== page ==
PUEBLO, Colo. - People in Pueblo gathered Sunday to protest Black Hills Energy.
They say rates are unaffordable and unrealistic.
The group hung dozens of origami cranes in front of Black Hills Energy's offices on Victoria Ave. Each of the cranes was meant to represent the voiceless.
"These are people, these aren't just statistics, they aren't just somebody on a ledger book," Rev. Gary Weaver said.
The group hung the cranes in hopes to support, "the 7,000 plus people who have had their energy cut off," Weaver said, as well as the Black Hills Energy rates that got them there.
"Crushing rates... that have increased 10 percent over the last five or six years," Weaver said.
The group's main concern, beyond high rates, was how much customers have to pay to get their power turned back on after being disconnected.
Black Hills Energy is making moves to cut the reconnection fee down from $50 to $15. But it's the additional charges to regain service, like paying the outstanding debt they owe as well as and a three-month deposit, that can cost people up to $1,000 to restore their service.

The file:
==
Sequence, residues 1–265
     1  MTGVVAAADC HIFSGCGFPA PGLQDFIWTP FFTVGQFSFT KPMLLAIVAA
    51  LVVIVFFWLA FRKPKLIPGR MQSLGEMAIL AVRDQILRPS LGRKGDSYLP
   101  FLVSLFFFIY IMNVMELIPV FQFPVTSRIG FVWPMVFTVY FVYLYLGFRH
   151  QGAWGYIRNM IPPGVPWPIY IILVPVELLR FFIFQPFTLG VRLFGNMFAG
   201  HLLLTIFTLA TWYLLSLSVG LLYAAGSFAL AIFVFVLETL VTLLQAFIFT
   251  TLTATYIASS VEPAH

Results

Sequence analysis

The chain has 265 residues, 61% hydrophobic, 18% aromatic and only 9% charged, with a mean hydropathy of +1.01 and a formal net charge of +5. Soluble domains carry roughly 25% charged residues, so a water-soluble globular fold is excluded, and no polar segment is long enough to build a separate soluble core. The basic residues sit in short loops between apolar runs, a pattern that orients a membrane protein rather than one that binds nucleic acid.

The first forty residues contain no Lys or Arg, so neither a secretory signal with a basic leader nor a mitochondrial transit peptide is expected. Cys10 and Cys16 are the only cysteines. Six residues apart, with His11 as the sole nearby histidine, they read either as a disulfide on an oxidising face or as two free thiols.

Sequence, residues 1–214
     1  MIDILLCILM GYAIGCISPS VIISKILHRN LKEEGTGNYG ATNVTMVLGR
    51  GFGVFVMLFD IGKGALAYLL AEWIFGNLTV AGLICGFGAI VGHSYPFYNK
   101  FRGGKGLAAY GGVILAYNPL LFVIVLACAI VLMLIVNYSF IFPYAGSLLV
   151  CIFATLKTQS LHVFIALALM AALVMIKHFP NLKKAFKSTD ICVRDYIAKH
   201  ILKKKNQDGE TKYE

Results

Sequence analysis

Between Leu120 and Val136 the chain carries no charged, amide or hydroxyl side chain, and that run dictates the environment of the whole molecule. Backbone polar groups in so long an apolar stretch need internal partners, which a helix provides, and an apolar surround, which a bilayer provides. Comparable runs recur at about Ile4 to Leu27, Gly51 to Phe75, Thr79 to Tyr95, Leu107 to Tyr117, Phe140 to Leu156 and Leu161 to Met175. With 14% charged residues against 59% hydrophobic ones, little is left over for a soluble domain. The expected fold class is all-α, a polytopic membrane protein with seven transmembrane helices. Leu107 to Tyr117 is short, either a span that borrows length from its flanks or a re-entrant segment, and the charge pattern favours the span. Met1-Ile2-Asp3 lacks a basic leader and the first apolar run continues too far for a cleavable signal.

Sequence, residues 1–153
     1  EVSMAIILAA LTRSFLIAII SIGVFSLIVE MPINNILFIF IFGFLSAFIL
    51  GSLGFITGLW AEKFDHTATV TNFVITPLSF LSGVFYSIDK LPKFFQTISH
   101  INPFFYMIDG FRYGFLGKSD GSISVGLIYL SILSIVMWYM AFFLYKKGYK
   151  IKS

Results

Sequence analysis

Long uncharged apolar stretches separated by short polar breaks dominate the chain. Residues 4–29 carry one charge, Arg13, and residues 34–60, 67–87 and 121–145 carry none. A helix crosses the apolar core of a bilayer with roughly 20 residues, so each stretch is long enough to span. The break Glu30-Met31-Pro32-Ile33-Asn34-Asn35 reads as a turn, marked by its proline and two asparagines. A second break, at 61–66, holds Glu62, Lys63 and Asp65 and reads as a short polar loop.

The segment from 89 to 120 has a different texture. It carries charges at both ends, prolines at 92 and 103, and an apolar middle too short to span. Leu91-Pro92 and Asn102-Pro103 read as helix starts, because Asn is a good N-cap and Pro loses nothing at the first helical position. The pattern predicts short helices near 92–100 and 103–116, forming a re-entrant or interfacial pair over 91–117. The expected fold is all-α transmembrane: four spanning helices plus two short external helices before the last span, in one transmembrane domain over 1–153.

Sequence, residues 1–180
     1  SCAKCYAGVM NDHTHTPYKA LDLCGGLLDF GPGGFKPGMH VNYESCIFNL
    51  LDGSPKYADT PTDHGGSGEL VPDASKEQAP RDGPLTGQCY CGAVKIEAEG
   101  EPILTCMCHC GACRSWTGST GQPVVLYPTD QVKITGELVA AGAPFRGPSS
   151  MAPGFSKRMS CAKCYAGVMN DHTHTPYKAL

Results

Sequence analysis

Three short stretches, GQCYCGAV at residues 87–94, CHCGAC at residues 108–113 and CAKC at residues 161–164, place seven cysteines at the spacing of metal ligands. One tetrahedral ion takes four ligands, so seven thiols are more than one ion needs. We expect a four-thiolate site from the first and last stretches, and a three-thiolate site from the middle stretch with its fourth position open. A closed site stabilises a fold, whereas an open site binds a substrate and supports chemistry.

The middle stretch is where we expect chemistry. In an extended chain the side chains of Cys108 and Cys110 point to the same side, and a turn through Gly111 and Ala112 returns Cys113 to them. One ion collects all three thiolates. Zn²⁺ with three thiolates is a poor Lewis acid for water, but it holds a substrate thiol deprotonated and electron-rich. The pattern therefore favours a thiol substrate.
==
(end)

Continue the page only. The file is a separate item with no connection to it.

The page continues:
"For the majority of our population, they simply can't afford that," Weaver said.
The Public Utilities Commission said Wednesday the 5 percent rate increase the power company requested, would not be that high for rate payers in the end.
However, protestors say, even 1 percent, is too much for the people of Pueblo.
"One percent might as well be 100 percent," Rev. Marnie Leinberger said.
The cranes stayed in the trees for about an hour before they were ripped down by security guards.
But they stood for a change for those who can't speak for themselves.
"Seven thousand is a lot, 7,000 is a lot," Leinberger said.
The PUC and Black Hills Energy are set to discuss how much rates will increase at a technical conference Wednesday.